The drivers tend to have commission deals set up with tailors shops, bars, massage parlours, jewellery stores etc. and will constantly bother you to take a visit at no extra charge.

Do’s

Knock them down on their asking price.

Don’ts

Believe they can take everywhere in Bangkok for only 20 Baht!

Taxi

Pros

Taxi’s can be a nice comfortable way of getting around town. They’ve got aircon, are amply protected from the rain and have plenty of storage space for luggage and shopping. If three or four of you share the fare it can actually work out cheaper than the other modes of transport.

Cons

They sometimes have the aircon on too high and aren’t too good at cutting through traffic. The drivers have a habit of talking complete nonsense about how bad the traffic is, how little money they earn. If they hear you mention an English Premiership Football team they will furnish you with their intimate knowledge of the side ad nauseum. If they hear you speak even a single word of Thai they assume that you’re fluent and will speak freely and openly to you in their dialect despite your protestations that you only speak a little bit.

Do’s

Wear a seatbelt. Insist on them using the meter instead of letting them quote you a price.

Don’ts

Mention a Premiership Football team, especially one that’s doing well, or they will bore your socks off.

Bus

Pros

I’ll put my hand on my heart and admit to it I know next to nothing about the buses in Bangkok, so if you don’t like me personally their main “pro” is that you can be 100 % certain never to run into me on one of them, although apparently they’re very cheap. From what I can work out they are either air conditioned or non air conditioned and those who use them tell me they’re a good way of getting about and cover virtually the entire city. Cons They go head on at you when you’re on to the Thai airways office on Silom on a motorbike in an emergency and make you soil your breeches.

Do’s

Expect to be one of too many people jammed onto them and have to listen to very disconcerting engine noises. Find out from somebody how to go about using them.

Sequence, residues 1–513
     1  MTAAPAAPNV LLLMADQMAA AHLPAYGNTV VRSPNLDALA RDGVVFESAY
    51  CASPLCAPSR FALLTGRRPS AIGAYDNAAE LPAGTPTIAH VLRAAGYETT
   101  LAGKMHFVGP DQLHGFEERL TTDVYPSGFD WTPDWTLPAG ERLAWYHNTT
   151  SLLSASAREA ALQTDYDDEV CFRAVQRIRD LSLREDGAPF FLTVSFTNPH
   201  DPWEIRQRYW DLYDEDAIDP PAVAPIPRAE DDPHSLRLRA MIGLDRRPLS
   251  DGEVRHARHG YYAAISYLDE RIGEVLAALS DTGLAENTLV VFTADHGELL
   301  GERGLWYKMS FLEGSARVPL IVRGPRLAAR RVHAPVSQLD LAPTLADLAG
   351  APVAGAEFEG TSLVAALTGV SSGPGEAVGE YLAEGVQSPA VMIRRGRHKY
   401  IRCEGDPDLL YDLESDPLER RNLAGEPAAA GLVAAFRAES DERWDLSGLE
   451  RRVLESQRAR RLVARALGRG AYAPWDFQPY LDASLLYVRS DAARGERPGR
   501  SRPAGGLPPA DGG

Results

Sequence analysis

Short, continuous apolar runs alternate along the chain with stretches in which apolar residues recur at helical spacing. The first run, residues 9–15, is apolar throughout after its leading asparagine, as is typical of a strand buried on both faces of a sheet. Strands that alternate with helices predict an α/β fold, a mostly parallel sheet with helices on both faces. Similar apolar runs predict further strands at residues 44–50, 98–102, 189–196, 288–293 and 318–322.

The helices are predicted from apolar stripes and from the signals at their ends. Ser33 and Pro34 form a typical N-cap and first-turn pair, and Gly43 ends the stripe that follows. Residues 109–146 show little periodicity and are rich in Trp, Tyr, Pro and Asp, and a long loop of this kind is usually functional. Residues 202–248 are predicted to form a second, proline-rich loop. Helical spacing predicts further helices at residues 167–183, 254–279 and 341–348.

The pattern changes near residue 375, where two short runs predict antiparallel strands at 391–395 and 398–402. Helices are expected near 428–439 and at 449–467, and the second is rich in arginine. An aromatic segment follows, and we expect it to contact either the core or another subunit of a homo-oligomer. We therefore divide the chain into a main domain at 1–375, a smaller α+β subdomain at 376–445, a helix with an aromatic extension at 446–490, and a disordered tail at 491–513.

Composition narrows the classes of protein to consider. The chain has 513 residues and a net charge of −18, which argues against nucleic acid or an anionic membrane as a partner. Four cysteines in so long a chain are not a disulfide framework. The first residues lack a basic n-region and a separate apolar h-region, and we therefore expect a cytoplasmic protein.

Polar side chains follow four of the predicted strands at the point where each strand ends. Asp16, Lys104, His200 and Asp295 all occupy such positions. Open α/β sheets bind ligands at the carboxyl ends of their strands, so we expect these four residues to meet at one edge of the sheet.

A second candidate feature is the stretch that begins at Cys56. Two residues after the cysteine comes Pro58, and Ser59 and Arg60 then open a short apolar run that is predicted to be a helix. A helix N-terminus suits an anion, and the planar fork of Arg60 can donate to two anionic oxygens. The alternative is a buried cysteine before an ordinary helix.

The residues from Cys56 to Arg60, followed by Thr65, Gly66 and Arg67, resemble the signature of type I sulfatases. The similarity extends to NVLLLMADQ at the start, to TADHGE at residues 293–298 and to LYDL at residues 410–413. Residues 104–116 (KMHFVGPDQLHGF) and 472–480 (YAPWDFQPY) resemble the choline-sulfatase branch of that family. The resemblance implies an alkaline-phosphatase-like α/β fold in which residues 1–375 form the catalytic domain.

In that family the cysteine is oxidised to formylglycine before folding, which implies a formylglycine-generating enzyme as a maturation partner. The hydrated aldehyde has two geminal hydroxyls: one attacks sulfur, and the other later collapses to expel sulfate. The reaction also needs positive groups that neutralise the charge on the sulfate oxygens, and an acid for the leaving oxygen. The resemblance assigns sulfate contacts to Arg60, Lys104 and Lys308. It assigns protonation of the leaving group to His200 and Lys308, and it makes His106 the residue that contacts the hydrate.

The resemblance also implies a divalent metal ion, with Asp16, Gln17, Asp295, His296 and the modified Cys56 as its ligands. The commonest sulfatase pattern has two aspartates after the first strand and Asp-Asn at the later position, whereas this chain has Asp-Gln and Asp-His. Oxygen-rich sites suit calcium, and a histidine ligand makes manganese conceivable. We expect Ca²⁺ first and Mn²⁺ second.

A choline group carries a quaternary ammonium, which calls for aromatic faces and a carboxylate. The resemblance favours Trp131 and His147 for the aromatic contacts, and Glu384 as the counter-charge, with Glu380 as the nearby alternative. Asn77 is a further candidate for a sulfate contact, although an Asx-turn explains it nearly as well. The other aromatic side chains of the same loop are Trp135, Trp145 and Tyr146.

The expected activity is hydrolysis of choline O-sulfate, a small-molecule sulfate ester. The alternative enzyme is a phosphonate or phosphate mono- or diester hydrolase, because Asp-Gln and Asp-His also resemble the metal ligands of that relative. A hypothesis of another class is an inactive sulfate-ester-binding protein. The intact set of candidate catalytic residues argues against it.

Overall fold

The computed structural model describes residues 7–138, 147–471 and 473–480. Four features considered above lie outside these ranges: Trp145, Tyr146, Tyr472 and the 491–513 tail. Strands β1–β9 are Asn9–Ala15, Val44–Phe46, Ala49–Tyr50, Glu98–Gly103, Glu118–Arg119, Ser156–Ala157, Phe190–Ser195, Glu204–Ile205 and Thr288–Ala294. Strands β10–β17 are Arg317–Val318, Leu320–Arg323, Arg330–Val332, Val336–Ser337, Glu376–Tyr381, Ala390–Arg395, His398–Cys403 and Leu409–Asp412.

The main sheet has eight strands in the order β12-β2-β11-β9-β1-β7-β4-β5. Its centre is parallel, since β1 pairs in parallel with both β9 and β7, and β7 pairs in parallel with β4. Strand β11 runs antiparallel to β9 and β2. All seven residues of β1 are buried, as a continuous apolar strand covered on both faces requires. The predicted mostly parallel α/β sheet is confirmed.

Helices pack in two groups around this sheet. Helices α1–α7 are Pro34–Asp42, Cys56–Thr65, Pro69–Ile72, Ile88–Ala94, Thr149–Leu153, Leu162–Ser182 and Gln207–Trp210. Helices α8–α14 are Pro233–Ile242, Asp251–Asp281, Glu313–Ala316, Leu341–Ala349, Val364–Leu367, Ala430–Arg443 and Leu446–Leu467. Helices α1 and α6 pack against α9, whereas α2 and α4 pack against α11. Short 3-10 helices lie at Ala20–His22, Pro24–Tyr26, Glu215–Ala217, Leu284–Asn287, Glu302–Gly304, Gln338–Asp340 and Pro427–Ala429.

Don’ts

Expect any help from me!

River Boats

Pros

Bangkok’s River Boats or River Taxis a very very cool way of getting about. They’re fast, cheap, exciting and offer some outstanding views of the city. Bangkok was known as the “Venice of Asia” because as recently as the 1980’s the best way to commute was by canal although recently most of them have been closed off because they became polluted although a couple of the main routes (Chao Prahaya and Klong Saem (sic)) are still used. A lot of people visiting Thailand form the west want to see the old Thai culture and travelling my river boat will give you that on old charming creaky timbered boats. The Chao Prahaya boat is pretty easy to use and is quite tourist friendly and there’s a pier at Banglampu near Khao Sarn Road and near Wat Po, Wat Arun and the Grand Palace.

Cons

The routes they travel are a bit limited and there is little tourist information on them, so unless you’re on the Cha Prahaya one ask somebody who knows, if you use them it may take a while before you know your way around. You might get a bit of water splashed on your face and have a bit of a nerve jangle getting on and off them but it’s part of the fun. If you don’t like me you’ve got the chance of running into me on one of them.

Do’s